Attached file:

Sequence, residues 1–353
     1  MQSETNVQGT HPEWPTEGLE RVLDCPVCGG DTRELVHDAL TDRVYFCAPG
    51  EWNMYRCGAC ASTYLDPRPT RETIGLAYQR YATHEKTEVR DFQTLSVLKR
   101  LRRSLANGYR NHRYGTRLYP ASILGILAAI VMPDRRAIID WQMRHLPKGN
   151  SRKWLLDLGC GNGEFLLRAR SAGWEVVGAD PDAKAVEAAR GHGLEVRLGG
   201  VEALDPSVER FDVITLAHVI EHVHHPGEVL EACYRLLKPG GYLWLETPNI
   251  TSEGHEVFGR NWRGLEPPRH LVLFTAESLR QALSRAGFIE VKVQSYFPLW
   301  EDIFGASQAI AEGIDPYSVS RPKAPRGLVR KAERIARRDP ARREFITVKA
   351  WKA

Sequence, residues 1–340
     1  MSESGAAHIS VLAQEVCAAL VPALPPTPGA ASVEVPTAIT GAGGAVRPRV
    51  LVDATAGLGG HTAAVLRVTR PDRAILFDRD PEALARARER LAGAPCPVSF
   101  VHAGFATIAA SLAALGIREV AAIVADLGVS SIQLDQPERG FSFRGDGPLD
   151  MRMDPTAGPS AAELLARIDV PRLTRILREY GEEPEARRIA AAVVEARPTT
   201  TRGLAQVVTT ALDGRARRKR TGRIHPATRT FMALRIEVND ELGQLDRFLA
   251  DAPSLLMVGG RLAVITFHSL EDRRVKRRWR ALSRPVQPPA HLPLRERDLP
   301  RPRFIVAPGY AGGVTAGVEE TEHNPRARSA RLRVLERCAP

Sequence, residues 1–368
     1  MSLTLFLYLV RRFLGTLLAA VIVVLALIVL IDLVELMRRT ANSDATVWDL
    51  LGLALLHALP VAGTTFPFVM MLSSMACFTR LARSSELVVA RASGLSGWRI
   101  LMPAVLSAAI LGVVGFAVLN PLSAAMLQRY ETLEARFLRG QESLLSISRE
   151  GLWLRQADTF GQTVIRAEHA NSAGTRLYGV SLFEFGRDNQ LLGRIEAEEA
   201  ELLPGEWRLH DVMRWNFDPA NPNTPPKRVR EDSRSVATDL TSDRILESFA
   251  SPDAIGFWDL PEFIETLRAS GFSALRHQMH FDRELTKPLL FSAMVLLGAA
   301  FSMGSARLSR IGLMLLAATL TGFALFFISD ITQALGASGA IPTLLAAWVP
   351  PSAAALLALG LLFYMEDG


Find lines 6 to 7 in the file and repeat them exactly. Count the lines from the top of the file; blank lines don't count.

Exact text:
   201  VEALDPSVER FDVITLAHVI EHVHHPGEVL EACYRLLKPG GYLWLETPNI
   251  TSEGHEVFGR NWRGLEPPRH LVLFTAESLR QALSRAGFIE VKVQSYFPLW